Monday, November 8, 1999 Published at 06:44 GMT
Weston on war: 'There are no winners'
An Argentine bomb triggered a massive fire on the Sir Galahad
The severe burns that ex-soldier Simon Weston brought back from the Falklands War masked the deep mental scars left by the conflict.
He survived the inferno that swept the Sir Galahad troopship, but along with most veterans he has had to deal with the psychological trauma.
In the foreword to a new book which - for the first time - studies the long-term effects of war, he describes what those mental and physical scars taught him.
"There was a time after the Falklands when I drank far too much, trying to hide the pain that was eating at me from the inside," he said.
"Bloody Hell", published by the Plough Publishing House, is based on research carried out by Dr Nigel Hunt of Nottingham Trent University.
He concluded after a study of 709 veterans that over half had suffered permanent psychological trauma.
Of the WWII soldiers he interviewed, traumatic symptoms remained - 50 years after the war.
"Many veterans feel a deep bitterness about the way they are neglected which only exacerbates their psychological difficulties," said Dr Hunt.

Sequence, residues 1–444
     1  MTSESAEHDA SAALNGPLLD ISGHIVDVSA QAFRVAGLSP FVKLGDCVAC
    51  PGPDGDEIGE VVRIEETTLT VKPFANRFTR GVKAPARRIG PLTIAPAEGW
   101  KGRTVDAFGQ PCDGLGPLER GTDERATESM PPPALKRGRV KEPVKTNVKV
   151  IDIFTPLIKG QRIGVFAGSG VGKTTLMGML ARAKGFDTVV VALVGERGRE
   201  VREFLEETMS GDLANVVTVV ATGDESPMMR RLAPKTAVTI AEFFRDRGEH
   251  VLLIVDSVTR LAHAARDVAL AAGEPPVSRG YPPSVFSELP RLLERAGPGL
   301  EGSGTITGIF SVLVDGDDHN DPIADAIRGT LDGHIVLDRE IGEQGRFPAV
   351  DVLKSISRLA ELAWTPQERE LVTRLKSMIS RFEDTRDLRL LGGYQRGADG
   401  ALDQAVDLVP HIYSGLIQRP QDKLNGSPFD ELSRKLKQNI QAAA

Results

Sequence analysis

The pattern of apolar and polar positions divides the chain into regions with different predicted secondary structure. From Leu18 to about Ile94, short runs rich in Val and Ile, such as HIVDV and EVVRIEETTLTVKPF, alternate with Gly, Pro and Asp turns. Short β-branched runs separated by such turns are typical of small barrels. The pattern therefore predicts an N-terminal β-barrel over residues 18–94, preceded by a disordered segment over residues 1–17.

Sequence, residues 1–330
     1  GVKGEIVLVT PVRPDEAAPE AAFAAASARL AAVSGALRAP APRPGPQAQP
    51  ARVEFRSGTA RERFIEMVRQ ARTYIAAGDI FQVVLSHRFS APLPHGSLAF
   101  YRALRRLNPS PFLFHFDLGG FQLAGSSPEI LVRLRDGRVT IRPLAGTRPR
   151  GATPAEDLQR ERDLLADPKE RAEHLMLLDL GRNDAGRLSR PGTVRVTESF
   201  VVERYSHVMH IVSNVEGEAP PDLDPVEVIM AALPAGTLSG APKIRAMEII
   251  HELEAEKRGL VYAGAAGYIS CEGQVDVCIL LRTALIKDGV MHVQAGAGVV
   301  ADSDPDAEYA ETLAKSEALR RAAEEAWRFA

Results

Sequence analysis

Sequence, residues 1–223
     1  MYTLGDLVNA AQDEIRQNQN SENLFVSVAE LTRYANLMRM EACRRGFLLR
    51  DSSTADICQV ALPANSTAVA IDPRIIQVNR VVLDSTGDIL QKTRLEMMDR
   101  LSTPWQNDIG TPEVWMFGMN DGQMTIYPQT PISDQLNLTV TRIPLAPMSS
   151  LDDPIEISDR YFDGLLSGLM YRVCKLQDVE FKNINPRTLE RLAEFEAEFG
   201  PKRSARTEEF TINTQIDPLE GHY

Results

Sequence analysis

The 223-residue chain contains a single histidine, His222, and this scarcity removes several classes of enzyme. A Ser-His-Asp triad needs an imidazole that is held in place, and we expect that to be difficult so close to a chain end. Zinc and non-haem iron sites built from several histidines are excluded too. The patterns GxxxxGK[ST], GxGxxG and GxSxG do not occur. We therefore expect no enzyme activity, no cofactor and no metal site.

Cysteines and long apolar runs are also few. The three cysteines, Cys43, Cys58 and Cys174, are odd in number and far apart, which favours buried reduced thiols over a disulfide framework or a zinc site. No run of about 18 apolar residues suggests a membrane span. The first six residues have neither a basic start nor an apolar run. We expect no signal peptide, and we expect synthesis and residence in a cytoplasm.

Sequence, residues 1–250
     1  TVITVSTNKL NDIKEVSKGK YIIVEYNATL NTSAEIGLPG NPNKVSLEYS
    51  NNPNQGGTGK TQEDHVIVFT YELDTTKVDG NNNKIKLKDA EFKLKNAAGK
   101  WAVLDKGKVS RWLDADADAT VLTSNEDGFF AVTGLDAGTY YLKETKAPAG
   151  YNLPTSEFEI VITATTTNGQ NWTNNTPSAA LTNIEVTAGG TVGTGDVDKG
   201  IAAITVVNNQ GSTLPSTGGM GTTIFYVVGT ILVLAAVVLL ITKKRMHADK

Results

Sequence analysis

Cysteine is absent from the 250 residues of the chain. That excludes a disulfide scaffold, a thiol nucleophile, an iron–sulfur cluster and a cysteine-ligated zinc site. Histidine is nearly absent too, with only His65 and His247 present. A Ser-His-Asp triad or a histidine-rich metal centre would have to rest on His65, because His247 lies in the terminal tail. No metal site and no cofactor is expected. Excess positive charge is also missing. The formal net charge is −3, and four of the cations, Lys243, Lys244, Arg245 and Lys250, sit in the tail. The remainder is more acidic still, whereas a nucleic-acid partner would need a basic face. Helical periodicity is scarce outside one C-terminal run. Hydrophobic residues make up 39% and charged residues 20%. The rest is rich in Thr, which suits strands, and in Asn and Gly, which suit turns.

Simon Weston explained how he dealt with his memories and feelings.
"I had a huge grieving process to go through. Thankfully, I learned not to bottle it up, but it took a long time.
"Otherwise, I'm sure, it would have killed me. I've reconciled things within myself. I don't go around hating people."
Seventeen years after the Falklands War, the former Welsh Guardsman is now best known for his charity work.
"I want to enjoy my life, and I want others to be able to enjoy theirs - which is why I put so much time into working with inner-city youth through my own charity, Weston Spirit.
'There are no winners'
"I can't enjoy life if I'm twisted up in hatred and bitterness. I've learned you can't afford to carry that kind of baggage with you. If you do, it will destroy you.
"I'm not interested in war anymore.
"I'm not interested in the reunions, getting together with the old mates and patting each other on the back, saying - damn didn't we do a good job?
"What, shoot and kill and bomb their side?
"You'll find there's nothing victorious or glorious gained in a conflict.
"You've got two sets of soldiers: the losers and the losers.
"It's just a matter of who loses most heavily. There are no winners."